German reunification For Members

33 years on: Are east and west Germany growing apart?

Sarah Magill
Sarah Magill - [email protected]
33 years on: Are east and west Germany growing apart?
A cyclist rides past the Berlin Wall memorial. Photo: picture alliance/dpa | Fabian Sommer

More than 30 years after reunification, a new study has shown that a majority of Germans think that the country is disunited. But are there other signs that the nation may be splitting?


The 3rd of October will mark the 33rd anniversary of German Reunification - the day when the German Democratic Republic (East Germany) officially rejoined the Federal Republic of Germany (West Germany), following decades of separation. 

But ahead of the celebrations next week, a new study has revealed a concerning trend: that east and west Germany appear to be drifting apart once again.

The survey, conducted by the independent opinion research Forsa for Stern magazine revealed that, in today's Germany, 60 percent believe that the country is more divided than united, while only 37 percent think that people in the East have significantly integrated into one united nation.

These findings mark a stark contrast to 2019 when the majority (51 percent) perceived unity, and only a minority (45 percent) felt that the country was more united than divided. 

The perception of unity is notably weaker in East Germany, with a staggering 75 percent feeling that - 34 years after the fall of the Berlin Wall - division still prevails. In the so-called "new states" of Mecklenburg Western-Pommerania, Saxony, Saxony-Anhalt, Brandenburg and Thuringia, only 21 percent see Germany as being a unified nation.

READ ALSO: 10 things you never knew about German reunification

Curiously, Germans aged 60 and older appear to have an especially pessimistic view of unity, with 69 percent of them perceiving continued division.

The Free Democratic Party (FDP) stands out as the only political group where a majority views unity positively, with 48 percent believing in the country's reunification, while 46 percent see the dominance of differences.

In contrast, supporters of the Social Democratic Party (SPD) are the most sceptical, with 71 percent of them feeling that division outweighs unity.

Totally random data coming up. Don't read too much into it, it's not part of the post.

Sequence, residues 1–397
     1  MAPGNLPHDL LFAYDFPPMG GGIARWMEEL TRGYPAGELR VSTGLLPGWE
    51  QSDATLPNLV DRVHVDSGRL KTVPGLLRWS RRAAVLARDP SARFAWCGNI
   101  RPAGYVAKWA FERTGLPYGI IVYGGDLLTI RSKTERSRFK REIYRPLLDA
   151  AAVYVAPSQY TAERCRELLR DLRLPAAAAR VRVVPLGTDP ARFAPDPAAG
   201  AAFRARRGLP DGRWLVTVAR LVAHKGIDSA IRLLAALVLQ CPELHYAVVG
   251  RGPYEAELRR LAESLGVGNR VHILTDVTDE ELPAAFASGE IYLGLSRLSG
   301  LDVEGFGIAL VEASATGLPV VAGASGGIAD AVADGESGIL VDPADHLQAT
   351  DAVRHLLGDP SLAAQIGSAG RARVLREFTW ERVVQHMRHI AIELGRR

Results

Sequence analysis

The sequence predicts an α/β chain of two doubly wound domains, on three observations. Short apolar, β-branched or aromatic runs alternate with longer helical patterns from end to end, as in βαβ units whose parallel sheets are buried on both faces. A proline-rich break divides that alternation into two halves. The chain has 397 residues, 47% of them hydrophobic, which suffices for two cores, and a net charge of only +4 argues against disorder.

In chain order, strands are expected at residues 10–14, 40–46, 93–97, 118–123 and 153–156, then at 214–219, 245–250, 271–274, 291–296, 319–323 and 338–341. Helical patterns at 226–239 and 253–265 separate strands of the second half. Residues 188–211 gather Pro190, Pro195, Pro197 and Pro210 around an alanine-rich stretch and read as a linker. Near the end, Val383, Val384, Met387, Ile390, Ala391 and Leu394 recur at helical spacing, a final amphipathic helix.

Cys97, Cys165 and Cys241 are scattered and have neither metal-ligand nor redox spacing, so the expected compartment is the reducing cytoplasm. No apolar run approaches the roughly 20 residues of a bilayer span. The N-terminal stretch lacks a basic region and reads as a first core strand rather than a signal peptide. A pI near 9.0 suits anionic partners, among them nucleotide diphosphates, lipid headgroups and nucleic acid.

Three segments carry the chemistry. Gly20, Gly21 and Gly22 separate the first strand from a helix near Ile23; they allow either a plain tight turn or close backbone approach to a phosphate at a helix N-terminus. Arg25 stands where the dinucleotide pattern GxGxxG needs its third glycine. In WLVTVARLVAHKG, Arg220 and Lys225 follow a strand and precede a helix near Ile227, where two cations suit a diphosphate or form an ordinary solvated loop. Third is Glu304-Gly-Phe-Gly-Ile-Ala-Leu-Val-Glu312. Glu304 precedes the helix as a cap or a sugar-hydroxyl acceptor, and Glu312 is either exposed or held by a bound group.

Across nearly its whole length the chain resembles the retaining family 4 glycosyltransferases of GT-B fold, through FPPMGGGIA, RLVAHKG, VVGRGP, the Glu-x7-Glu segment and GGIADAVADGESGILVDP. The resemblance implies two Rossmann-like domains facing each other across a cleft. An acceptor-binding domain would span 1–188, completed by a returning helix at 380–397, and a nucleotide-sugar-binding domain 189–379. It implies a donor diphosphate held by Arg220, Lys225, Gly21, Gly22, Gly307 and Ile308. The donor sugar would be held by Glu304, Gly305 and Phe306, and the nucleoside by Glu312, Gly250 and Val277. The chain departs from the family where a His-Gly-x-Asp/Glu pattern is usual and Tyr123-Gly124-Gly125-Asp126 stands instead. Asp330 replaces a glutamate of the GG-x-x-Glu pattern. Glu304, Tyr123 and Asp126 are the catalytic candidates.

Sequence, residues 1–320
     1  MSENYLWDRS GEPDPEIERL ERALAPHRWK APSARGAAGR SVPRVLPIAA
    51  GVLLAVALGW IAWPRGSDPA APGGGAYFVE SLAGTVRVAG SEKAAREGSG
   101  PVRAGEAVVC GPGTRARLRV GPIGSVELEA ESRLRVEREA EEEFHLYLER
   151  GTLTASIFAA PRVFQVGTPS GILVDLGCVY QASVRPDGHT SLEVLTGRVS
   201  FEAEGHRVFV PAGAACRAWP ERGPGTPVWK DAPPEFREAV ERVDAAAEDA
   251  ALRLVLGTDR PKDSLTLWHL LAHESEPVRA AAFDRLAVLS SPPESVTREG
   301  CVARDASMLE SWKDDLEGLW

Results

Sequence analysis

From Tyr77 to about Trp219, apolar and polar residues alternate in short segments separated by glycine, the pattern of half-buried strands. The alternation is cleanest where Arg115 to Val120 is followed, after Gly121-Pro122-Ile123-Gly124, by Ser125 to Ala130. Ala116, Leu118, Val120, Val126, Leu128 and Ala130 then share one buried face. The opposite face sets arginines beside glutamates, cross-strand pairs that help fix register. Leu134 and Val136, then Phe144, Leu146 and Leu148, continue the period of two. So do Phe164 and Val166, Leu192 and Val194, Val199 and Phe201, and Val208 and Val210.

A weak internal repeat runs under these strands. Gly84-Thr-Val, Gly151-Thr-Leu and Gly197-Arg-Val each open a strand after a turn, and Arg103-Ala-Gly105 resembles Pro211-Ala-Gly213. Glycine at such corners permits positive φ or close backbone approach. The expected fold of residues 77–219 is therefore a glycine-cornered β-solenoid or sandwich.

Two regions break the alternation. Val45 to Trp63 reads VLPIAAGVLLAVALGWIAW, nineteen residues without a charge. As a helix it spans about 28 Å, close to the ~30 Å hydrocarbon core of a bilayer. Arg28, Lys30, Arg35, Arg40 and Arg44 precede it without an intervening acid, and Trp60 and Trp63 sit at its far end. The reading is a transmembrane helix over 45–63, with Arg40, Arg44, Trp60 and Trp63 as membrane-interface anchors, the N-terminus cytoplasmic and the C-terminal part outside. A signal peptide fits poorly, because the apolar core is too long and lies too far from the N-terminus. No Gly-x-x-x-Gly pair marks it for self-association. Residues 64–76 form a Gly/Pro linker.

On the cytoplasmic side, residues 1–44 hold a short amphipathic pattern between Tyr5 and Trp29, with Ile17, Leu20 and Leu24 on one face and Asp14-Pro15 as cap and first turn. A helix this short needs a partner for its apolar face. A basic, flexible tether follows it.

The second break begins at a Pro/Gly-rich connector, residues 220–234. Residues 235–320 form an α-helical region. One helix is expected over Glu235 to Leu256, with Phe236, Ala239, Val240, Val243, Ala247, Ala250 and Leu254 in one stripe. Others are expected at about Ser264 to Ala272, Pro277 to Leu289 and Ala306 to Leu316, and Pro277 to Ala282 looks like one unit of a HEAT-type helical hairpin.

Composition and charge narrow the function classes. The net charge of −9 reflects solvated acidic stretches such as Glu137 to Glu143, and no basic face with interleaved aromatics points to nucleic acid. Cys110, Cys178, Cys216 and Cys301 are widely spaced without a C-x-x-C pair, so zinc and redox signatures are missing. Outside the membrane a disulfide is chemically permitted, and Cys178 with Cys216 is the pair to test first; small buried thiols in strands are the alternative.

Economic and political divides

It seems, however, that the divide between east and west Germany is not just limited to sentiment.

Figures from Germany's Statistical Office in response to an inquiry by the Left Party from July this year revealed that there are significant economic disparities between east and west Germany.

According to the figures, people in the former East earn approximately €13,000 less per year than their western counterparts and the annual gross salary of full-time employees in the east was significantly lower than in the west in 2022, with this difference growing over the past few years.

An AfD election poster with the slogan "The East stands up!" hangs on a main road in the district of Sonneberg, Thuringia.

An AfD election poster with the slogan "The East stands up!" hangs on a main road in the district of Sonneberg, Thuringia. Photo: picture alliance/dpa | Martin Schutt

One particularly shocking statistic showed that there was an average wage difference of more than €21,000 per year between Mecklenburg Western-Pommerania and Hamburg.

READ ALSO: Is the energy crisis causing new divide between eastern and western Germany?

In response to these wage disparities, Sören Pellmann, the East Commissioner of the Left Party, drew a connection to the rise of the AfD in the eastern states, saying that it "should come as no surprise" that the AfD garners substantial support in the former East.

The rise of the AfD in eastern states could also be interpreted as a sign of growing division in Germany.

In the last six months, a small town in rural Saxony-Anhalt elected the country's first AfD mayor, an AfD party member became a district administrator in South Thuringia, while AfD candidates are increasingly participating in runoff elections for top local offices in major or university cities like Schwerin and Cottbus.


There's even speculation that the AfD could succeed in many if not all, constituencies in Thuringia, Saxony, and Brandenburg with their direct candidates in the upcoming state elections next year.

A recent study published by the Else-Frenkel-Brunswik Institute of the University of Leipzig in June also revealed that many people in eastern Germany hold extreme right-wing opinions.

The study - a representative survey of 3,546 people in the former eastern German states of Brandenburg, Mecklenburg-Western Pomerania, Saxony, Saxony-Anhalt, Thuringia and east Berlin - demonstrated a high level of approval for right-wing extremist statements.

READ ALSO: ANALYSIS: Are far-right sentiments growing in eastern Germany?

However, as Frankfurt Allgemeine Zeitung journalist, Daniel Deckers pointed out in a recent article, the AfD has its hold in the west of the country, too. 

"15,000 votes in Sonneberg may seem insignificant compared to the over 800,000 votes the AfD received in the 2016 state election in Baden-Württemberg, or the potential 15 percent share it could garner in North Rhine-Westphalia, the AfD's origins can be traced to the West. Most of the party's prominent figures were socialized in the old, compromise-oriented Federal Republic, unlike in East Germany, where the legacy of two failed dictatorships continues to influence three generations."


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